Zeki Demirkubuz
The cast often figure again in Zeki Demirkubuz‘ extensive later films trailered on the disk. Several of these are on YouTube. The quality is better there but, unlike the DVDs, they have no subtitles. Seen in isolation, this one is so good it leaves us wondering about the other products from the Turkish Yesilçam ("Green Pine") Hollywood.

... and no I have no idea what the three pages are.

Monday, 16 July 2018

The Current Cinema - Supercinephile Barrie Pattison is underwhelmed by ANIMAL WORLD (Yan Han, China)

Yan Han’s manga movie Dongwu shijie/Dungmat saigaai/Animal World is an ambitious undertaking and a big earner (though apparently not as big as expected) on its home turf where it played originally in 3D. It is about to depart from our multiplexes where it’s being run flat.

Animal World, Poster
This one is an attempt to merge a big Hollywood caper flick, like the Ocean’s films, with the Asian gambler movies - think Masahiro Shinoda‘s Kawaita hana/Pale flower(1964) or Wong Jing’s best movie, with Chow Yun-fat as Dou san/The God of Gamblers (1989) both of which kicked off apparently endless successions of follow ups.

In the new film, young penny arcade clown Li Yifeng is doing it tough. He’s already having Men in Black fantasies induced by the hours he has to put in keeping his mother Li Yijuan in emergency care, despite some assistance from his nurse girlfriend Zhou Dongyu. Our hero’s prosperous old school chum, realtor Cao Bingkun offers to cut him in on a sure fire real estate deal that will solve all his problems, if he just gets his comatose mum’s finger print on the deeds to her flat as collateral.

Our hero ought to get out of the arcade and see some movies if he swallows that, which of course he does. Turns out Cao’s been fired and is in the hole to the sharks and he immediately blows the sale of the flat at the Macao Casino. Not only that but the debt collector heavies expect our hero to settle his friend’s outstandings.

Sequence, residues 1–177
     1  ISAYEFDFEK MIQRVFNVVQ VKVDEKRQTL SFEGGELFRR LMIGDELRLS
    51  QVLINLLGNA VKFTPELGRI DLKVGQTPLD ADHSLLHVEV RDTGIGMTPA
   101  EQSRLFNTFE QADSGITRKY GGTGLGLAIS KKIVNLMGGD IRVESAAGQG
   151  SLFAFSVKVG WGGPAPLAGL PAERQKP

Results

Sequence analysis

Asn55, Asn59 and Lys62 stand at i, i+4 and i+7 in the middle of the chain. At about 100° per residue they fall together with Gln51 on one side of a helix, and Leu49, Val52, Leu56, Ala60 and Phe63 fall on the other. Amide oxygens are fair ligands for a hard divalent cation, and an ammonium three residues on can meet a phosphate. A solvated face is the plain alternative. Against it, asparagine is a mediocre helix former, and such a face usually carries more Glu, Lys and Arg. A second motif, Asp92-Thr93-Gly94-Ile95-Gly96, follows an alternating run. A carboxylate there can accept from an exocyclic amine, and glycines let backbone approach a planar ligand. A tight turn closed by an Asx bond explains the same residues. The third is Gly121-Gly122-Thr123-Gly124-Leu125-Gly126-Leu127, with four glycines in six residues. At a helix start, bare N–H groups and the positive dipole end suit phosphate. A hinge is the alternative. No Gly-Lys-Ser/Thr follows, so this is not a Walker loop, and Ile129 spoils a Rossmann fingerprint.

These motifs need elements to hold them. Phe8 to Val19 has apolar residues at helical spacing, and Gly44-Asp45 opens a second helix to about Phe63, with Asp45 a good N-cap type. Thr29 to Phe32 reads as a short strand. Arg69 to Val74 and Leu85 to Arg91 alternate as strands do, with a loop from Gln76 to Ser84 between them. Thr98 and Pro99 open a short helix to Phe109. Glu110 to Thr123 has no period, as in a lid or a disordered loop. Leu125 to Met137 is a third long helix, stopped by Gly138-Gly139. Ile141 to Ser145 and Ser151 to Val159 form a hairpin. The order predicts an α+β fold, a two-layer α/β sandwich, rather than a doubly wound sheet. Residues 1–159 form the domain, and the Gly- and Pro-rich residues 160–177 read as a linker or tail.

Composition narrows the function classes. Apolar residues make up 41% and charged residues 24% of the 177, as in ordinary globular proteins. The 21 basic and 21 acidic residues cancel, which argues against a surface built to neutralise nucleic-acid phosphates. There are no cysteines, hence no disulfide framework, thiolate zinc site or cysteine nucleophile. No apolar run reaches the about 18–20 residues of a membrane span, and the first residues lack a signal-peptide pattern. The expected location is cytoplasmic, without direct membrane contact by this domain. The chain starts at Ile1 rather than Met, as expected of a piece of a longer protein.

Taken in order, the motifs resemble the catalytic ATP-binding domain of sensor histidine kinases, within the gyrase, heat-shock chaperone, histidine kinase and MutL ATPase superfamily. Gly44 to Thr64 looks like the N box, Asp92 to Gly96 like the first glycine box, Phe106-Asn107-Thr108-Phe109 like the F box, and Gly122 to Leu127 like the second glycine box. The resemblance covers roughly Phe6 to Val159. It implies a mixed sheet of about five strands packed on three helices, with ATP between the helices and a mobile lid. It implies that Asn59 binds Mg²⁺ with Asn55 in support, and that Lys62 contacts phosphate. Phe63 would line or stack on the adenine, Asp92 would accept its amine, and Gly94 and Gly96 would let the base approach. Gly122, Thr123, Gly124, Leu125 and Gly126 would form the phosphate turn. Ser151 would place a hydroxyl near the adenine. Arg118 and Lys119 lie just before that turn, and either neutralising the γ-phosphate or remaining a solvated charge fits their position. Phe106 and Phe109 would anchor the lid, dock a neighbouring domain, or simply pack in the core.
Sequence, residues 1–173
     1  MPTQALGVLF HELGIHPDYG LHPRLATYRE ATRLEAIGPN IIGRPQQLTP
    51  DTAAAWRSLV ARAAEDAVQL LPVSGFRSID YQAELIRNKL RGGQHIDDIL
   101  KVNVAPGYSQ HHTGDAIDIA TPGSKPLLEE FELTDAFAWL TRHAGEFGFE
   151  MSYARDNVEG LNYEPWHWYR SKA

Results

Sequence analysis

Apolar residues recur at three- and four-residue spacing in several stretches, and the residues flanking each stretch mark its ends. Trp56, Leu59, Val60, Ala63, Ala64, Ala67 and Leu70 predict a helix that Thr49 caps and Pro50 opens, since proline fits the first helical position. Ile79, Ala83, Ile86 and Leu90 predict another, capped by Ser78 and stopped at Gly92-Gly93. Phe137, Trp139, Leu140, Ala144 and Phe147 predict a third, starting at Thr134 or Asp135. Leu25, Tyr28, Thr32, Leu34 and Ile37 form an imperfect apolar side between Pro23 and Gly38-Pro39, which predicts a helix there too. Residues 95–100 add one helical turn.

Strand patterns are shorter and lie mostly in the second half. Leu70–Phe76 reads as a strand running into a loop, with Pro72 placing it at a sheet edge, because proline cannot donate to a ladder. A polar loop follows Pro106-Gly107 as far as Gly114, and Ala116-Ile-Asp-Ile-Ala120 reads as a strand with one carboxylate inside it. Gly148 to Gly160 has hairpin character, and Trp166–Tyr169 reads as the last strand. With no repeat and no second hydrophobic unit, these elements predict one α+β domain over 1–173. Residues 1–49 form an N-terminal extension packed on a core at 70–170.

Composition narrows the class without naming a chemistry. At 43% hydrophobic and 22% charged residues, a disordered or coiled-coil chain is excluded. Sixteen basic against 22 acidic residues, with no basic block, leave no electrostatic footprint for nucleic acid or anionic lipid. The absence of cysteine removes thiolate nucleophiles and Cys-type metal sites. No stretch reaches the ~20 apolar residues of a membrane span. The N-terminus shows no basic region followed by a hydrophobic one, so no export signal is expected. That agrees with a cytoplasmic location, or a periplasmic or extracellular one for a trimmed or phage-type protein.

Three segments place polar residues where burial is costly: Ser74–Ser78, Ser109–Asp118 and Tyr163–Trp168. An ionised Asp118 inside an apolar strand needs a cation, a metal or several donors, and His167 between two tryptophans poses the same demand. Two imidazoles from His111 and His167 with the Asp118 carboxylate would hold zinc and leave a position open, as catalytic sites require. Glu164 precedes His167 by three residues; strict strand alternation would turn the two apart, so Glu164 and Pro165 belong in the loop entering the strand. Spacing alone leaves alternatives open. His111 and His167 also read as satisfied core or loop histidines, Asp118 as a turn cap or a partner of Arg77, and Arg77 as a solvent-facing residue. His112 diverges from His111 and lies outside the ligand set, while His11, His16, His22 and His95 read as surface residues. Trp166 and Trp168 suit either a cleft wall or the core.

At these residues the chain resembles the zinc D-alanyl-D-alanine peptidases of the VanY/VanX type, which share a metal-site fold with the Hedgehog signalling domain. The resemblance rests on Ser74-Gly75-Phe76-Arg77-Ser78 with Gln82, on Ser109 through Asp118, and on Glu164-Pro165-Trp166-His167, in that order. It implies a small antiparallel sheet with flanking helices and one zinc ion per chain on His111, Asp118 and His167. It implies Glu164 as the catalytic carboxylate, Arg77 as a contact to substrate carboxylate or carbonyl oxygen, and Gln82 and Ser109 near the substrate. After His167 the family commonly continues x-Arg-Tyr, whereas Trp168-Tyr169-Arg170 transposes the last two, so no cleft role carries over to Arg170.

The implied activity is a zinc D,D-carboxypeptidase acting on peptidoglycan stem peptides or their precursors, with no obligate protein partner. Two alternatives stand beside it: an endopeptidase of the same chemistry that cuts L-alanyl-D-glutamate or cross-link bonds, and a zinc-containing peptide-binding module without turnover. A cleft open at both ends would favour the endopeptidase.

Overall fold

Turns out there is one hope. Suave impresario Michael Douglas tells him the kid has the privilege of participating in the elaborate Rock, Paper, Scissors card game conducted on the wallowing black digital ship “Destiny” for the delight of high rollers tucked away behind the upper deck mirror windows while a digital tiger prowls a cage on the gaming floor. Losers are destined for sinister surgical experiments on the lower levels.

I could explain the rules and the scams the unsavory fellow players use to defeat them but that would imply I understood what was happening or indeed cared. The handling is flashy, effects heavy and derivative. The film soon loses both conviction and attention.

Douglas joins the inventory of Hollywood notables who have rolled dice in Chinese movies. Include Henry Silva in Woo fook/Fox Bat(1977), John Phillip Law in Yao-Chi Chen‘s Yuan (1980), Donald Sutherland in an early Xiaogang Feng, Da wan/Big Shot’s Funeral(2001) or Steve Buscemi in Florian Gallenberger’s John Rabe: Der Gute Deutsche von Nanking(2008). Douglas doesn’t do any better than they did.

On Blu-ray - David Hare blisses out over Istanbul and the cats of KEDI (Ceyda Torun, Turkey)

Two of the feline superheroes (below) of Kedi, a film about the cats of Istanbul by Ceyda Torun. The film was released mid-last year and even this US Oscilloscope Blu-ray which we have only just caught up with came out Stateside in November 2017. 

Quite apart from the compulsive nature of its subject, Torun's movie is very much a hymn to Istanbul. Indeed, it had us drooling and wishing we could simply get the next flight back to Turkey tomorrow. When we were last there two and a bit years ago we stayed in an Airbnb in the Beyoglu district hosted by a charming young woman who also cared for her own 'Stanbuli cat, a feisty long haired black girl called Psik whom we cared for while our hostess took off for an extended photo shoot in Antulya.